All experiments were performed at least with 3 replications, and the average values were reported. Statistical analyses were carried out using MSTAT software (version C). Data were subjected to analysis of variance (ANOVA), and means were compared using “Duncan” test at 5% significant level.

3. Results and Discussion

SLN, AL-CH, and PEC-CH coated SLNs were produced to enhance stability and functionality of caffeic acid. Encapsulation efficiency and load of produced SLN were % and %, respectively. It is noteworthy that in a previous paper, it has been indicated that chemical compositions of the materials did not change during layer by layer coating [8]. In the following subsections, some features of developed nanocarriers such as size, zeta potential, morphology, and release behavior are studied; the effect of different treatments on antioxidant activity of caffeic acid is discussed afterwards.

3.1. Size, Zeta Potential, and Morphological Characterization

Size, PDI, and zeta potential values of produced nanocarriers were tabulated in Table 1.

As expected, the SLN showed the smallest size ( nm). The developed SLNs are significantly small in comparison to some produced SLN [6, 22] and NLC [23, 24]. The smaller size of the particles leads to their faster movement due to Brownian motion and therefore higher dispersion stability against the gravity. On the other hand, zeta potential value of produced SLN was found to be near zero ( mV). This low zeta potential in comparison to the literature data [25, 26] is due to the fact that there is almost the same positive and negative electron charge over the nanocarriers’ surface. Zeta potential is a crucial factor in nanoparticle stability. The particles with higher zeta potential show bigger repulsion force which leads to higher dispersion stability against aggregation. The low zeta potential of caffeic acid loaded SLN could be attributed to the neutral nature of applied lipid. Therefore, surface coating of nanoparticle using charged biopolymer could enhance their zeta potential. The results indicated that coating lead to increase of size and zeta potential. With the increasing coating concentration, the sizes of nanocarriers significantly () increased in consequence. The negatively charged calcium alginate complex in pregel state can interact with positively charged chitosan [27]. The negative zeta potential of AL-CH coated SLN shows that Ca-AL properly covered the chitosan surface and therefore could be well protected against acidic condition in the gastric medium. Similar results were obtained by Mladenovska research team [28, 29] who showed AL-CH biopolymer had negative zeta potential. The absolute values of zeta potential of AL-CH coated nanoparticles increased by alginate concentration.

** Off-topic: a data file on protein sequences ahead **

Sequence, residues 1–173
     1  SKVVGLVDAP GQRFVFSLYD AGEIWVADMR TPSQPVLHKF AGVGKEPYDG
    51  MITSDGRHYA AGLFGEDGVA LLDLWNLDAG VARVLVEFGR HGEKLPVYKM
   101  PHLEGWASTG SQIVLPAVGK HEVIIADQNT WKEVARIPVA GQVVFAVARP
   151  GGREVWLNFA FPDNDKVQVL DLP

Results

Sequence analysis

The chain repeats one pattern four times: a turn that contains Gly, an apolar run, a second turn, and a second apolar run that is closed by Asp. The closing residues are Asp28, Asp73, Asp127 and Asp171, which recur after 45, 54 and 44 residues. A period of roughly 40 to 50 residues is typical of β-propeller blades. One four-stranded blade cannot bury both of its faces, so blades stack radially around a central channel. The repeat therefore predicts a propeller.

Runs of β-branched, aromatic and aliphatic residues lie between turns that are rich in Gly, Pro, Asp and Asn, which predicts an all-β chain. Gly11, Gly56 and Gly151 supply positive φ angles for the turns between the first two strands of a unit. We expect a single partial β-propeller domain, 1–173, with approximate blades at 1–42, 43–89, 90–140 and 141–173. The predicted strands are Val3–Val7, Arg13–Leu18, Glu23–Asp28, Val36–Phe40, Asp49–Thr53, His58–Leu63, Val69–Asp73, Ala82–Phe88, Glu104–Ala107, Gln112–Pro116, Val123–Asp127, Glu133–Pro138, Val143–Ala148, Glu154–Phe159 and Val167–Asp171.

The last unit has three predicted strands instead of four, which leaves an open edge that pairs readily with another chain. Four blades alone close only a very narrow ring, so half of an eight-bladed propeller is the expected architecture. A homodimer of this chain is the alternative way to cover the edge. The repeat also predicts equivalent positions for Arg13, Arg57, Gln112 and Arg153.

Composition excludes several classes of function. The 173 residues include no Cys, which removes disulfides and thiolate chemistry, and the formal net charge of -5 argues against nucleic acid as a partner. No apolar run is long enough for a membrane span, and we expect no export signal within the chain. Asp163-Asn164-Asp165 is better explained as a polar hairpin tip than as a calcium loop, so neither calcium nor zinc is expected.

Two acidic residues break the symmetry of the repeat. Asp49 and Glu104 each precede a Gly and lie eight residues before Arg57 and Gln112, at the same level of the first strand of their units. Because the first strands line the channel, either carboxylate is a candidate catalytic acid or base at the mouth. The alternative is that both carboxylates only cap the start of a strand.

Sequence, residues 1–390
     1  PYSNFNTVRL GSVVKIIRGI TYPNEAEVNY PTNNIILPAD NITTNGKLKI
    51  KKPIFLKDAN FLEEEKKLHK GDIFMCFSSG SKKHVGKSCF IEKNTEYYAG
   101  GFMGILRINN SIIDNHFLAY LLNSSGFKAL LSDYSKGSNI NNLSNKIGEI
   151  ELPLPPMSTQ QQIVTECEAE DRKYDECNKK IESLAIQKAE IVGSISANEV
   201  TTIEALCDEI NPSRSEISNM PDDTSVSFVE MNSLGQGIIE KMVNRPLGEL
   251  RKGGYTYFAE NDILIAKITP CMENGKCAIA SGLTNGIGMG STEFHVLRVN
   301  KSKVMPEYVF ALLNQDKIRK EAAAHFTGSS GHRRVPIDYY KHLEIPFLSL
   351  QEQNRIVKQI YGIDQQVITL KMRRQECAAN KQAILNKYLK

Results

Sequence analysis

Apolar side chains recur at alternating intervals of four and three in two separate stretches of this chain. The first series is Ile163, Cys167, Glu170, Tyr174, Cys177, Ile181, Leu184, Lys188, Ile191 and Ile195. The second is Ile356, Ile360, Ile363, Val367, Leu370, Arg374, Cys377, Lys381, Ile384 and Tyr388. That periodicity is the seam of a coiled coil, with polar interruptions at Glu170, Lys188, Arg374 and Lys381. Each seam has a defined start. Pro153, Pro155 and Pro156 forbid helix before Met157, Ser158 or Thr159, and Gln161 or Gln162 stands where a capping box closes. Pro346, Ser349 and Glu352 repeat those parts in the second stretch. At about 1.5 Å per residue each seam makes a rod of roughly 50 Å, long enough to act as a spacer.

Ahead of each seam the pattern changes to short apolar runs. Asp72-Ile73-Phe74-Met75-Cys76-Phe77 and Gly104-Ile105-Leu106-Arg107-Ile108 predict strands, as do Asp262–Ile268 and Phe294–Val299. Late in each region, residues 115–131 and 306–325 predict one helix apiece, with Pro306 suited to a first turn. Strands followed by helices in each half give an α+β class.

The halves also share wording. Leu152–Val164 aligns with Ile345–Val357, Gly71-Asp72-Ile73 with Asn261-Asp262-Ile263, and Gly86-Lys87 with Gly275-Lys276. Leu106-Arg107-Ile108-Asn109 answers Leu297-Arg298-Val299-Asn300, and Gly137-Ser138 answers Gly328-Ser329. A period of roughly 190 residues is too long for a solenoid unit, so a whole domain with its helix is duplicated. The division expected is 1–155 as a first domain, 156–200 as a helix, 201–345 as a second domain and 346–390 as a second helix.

PEC-CH coated SLN in 0.1% pectin concentration showed size of  nm (Table 1). However, in higher concentrations of pectin, the micron size beads were constructed; therefore, their size and zeta potential were not reported due to the unreliability of the applied instrument. Similar results were obtained in our previous study for hesperetin loaded nanoparticles [8]. The micron size PEC-CH beads were also reported in the literature [30, 31]. The surface charge of pectin was found to be negative [32]. The positive zeta potential of 0.1% pectin-chitosan coated nanoparticles might be attributed to low pectin concentration and presence of chitosan on the surface of nanoparticles. Luo et al. produced chitosan coated NLC and observed that the zeta potential of NLC (−0.45 mV) increased by chitosan coating ( mV) [33].

The PDI values of all produced nanocarriers were found to be lower than 0.5 indicating their narrow size distribution.

The morphological images of SLN and PEC-CH coated nanoparticles obtained from transmission electron microscopy were depicted in Figure 1.

The obtained sized from TEM was in accordance with PCS analysis. Both SLN and coated nanoparticles showed spherical shape. The double shell layer in coated carrier could be obviously observed in TEM image.

3.2. Caffeic Acid Release

Two drawbacks of SLN, namely, low zeta potential and rapid release in gastric media motivated us to produce coated SLN. The release profiles of developed nanocarriers were shown in Figure 2.

Release and absorption of encapsulated food bioactives are supposed to be in intestine for higher bioavailability. More than 55% of caffeic acid released from SLN during the first two hours in gastric media (Figure 2(a)), and therefore, it was necessary to modify SLN for bioactive protection against gastric condition. AL-CH and PEC-CH coated nanoparticles could both retard caffeic acid release in gastric condition. Caffeic acid releases from AL-CH coated nanoparticles in the first 2 hours were found to be , , and for alginate concentrations of 0.1, 0.25, and 0.5%, respectively (Figure 2(b)). No significant difference was observed among caffeic acid release for the three applied concentrations. The release in gastric solution from AL-CH was found to be delayed due to cross-linking of guluronic acids with the Ca+2 ions and the amino groups of chitosan. On the other hand, in the intestinal condition, the slower release could be attributed to the insoluble chitosan blended in the gel structure. PEC-CH coated carriers in pectin concentration of 0.1% were found to be the most efficient against caffeic acid release in gastric media (% of caffeic acid release) (Figure 2(c)). At higher concentrations, it seems that pectin could not properly cover the particle surface and therefore was not capable of decelerating caffeic acid release in gastric media. The micron size of pectin coated carriers in concentrations of 0.25 and 0.50% shows that additional pectin tends to be aggregated and failed to completely cover the particle surface. Pectin can form a rigid gels by the action of calcium ions cross-linking the galacturonic acid chains [34]. It is also said to resist the proteases and amylase which are active in the upper gastrointestinal tract.

The modeling results for four different kinetic models are tabulated in Table 2.